Connecticut Shoreline Studio for Music Lessons
in Voice, Piano, Guitar & the Fundamentals of Music

All Skill Levels Welcome, Ages 4 -104

Connecticut Shoreline Studio for Music Lessons
in Voice, Piano, Guitar & the Fundamentals of Music

Clef Notes

Slow, Fast, Slow, Faster: Sal Salvador’s Genius Practice Technique

I took jazz guitar lessons with the late Sal Salvador for about three years. He taught me an extremely valuable practice technique that I call “Slow Fast Slow Faster.” 

Step One: Pick out about four to eight bars from a song you’re working on

Your target should fall into one of the following categories:

  • A difficult transition
  • A part where your fingers get all tangled up
  • A rhythmic hairball
  • A difficult run with weird notes
  • Lots of chords changing quickly

If the part of the music you want to practice is too long this exercise will only be discouraging, so choose short sections. Even then, you might need to work on the same section over several days.

Step Two: Using a metronome, figure out what tempo you can play to without error

Learn how to play the section slowly and without any errors.  This may take some doing, and you may need to practice it without a metronome before starting this step.  But it’s important to know that it doesn’t matter HOW SLOW it has to be.

Once you can play it slowly and without error, determine your starting tempo. You might have to set the click to the eighth note or even the sixteenth note. Let’s say your chosen tempo is = 60, and your goal tempo is = 132. (If you don’t have a metronome or don’t know how to use one, see Ted Ervin’s post on How To Use the ProMetronome App by EUMLab.)

Step Three: Play through the target measures at least three times to the slow tempo without error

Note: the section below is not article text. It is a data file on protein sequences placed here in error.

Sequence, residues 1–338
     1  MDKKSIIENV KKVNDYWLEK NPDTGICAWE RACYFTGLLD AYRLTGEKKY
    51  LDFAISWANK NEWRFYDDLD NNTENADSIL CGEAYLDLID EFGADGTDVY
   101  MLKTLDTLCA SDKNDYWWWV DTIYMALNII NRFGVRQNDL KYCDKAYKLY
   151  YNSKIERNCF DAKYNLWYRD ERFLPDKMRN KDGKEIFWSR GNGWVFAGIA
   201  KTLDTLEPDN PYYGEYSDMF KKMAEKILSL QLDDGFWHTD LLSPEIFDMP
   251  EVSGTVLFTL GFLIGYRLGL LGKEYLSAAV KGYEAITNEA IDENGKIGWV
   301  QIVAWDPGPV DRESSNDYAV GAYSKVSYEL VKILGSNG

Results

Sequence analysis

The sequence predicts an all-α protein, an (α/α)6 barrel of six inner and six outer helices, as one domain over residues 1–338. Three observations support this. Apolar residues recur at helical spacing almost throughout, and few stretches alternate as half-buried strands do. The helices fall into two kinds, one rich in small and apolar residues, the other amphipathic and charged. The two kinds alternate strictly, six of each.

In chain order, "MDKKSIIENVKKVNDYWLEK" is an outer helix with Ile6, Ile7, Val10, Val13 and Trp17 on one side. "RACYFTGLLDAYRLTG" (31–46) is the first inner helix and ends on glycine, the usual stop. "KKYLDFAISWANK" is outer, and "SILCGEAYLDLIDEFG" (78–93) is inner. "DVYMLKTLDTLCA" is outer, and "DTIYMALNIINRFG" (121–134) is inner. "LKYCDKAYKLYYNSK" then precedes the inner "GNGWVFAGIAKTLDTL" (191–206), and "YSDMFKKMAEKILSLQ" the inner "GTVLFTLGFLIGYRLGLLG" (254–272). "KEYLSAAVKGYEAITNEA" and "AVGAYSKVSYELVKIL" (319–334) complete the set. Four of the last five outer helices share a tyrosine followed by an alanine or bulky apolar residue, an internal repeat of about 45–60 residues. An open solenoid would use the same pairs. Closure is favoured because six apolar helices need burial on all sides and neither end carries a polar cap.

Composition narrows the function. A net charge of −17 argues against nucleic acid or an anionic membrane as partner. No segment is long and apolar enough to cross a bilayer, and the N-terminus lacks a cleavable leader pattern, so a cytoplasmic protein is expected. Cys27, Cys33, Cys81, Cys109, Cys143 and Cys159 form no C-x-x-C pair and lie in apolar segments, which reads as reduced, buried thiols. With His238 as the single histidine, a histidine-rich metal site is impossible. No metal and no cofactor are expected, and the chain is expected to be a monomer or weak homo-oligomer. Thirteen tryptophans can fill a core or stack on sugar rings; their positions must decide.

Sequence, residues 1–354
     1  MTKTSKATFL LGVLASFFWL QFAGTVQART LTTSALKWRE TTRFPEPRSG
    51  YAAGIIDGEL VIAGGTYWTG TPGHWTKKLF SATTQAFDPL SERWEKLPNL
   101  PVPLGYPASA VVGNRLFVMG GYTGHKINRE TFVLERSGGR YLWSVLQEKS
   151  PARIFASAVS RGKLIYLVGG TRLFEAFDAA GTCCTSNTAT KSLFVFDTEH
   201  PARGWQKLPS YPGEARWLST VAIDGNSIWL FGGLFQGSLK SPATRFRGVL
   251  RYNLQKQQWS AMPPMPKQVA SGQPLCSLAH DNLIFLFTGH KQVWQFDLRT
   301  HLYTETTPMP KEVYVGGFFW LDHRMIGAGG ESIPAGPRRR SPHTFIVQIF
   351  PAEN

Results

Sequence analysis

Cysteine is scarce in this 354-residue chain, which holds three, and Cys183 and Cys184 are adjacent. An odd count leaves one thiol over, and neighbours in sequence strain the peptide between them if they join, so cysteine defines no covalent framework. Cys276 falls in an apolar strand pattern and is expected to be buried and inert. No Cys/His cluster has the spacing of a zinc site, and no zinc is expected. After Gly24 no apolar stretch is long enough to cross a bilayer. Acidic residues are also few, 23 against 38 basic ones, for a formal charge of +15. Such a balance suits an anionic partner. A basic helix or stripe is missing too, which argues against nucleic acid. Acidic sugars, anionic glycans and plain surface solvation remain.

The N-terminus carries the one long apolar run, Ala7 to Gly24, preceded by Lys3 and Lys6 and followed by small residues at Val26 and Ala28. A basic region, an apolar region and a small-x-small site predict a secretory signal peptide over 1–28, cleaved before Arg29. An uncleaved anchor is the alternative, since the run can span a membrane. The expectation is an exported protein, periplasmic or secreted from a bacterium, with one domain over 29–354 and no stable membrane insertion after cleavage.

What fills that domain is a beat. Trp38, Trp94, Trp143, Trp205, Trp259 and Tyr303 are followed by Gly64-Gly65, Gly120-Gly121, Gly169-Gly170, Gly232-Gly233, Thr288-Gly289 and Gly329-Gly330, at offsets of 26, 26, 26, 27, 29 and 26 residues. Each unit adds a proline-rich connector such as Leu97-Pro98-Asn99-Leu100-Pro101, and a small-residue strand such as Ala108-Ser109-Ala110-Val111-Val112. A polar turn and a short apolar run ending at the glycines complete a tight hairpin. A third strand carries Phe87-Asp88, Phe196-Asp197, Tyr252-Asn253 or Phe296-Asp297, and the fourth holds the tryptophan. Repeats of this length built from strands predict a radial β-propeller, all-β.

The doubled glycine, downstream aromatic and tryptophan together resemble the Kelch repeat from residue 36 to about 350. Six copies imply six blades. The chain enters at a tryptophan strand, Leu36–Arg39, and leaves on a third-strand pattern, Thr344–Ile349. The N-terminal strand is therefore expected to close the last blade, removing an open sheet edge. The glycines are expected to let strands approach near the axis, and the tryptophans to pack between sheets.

This is for testing purposes before moving on to step four. For this to work, you must be able to play to a metronome without error. If you’re not ready for that, practice the target measures without a metronome until you’re ready to play with the metronome.

Step Four: Increase the metronome speed by one increment, and play again

A metronome’s tempo typically is adjustable from 40 to 208 BPM. Common tempos are multiples of 2 ranging from 40 to 60, multiples of 3 from 60 to 72, multiples of 4 from 72 to 120, multiples of 6 from 120 to 144, and multiples of 8 from 144 to 208.

Step Five: Turn the the metronome back to the first tempo, and play again

Step Six: Play to Faster & Faster Tempos Always Going Back to the Original Slow Tempo

Never sacrifice accuracy for speed.

So your first practice session could go something like this:

1. = 60

2. = 63

3. = 60

4. = 66

5. = 60

6. = 69

7. = 60

8. = 72

9. = 60

10. = 74

11. = 60

12. = 76

13. = 60

14. = 78

15. = 60

16. = 80

Always be sure that you play the exercise cleanly and precisely before raising the metronome setting.

Step Seven: Carry On In the Same Manner Until You Reach the Magic Moment

Depending on how long your target section is and how much patience you have, you could carry on in this same manner until you reach = 120.  At this point, you can now leave the click at 60 and go between = 60 and = 60. The passage will feel different when you move from feeling eighth beats to feeling quarter beats, and you will be happy! 

Step Eight: Use Your Skill Level to Decide How Many More Sessions You’ll Need

Depending on your skill level and and on how big of chunk of music you’re learning, you might be able to achieve the results you’re looking for within one session. If it’s a little beyond your skill level, you might get the results you’re looking for in the first session, but you should revisit it over the next few days. If it’s a big jump from your current skill level, you may need several days (or longer) to get to tempo. If that’s the case, see if you can start with a faster beginning than the day before. In this example, on the second day, perhaps your slow tempo could be = 100. Just remember you should start with a slow tempo where you are able to play it without error.

Step Nine: Test the Results in Performance

Once you’ve properly completed the other steps, you should be able to play or sing the target measures perfectly at the goal tempo, at least in private practice, or, as we like to say, in your woodshed. Now take the piece out and play it for at least one person. Playing with distraction will probably take you back a few notches. Be encouraged! It happens to the best of the best. You will probably have to perform it a few times before you feel like you’ve completely mastered it.

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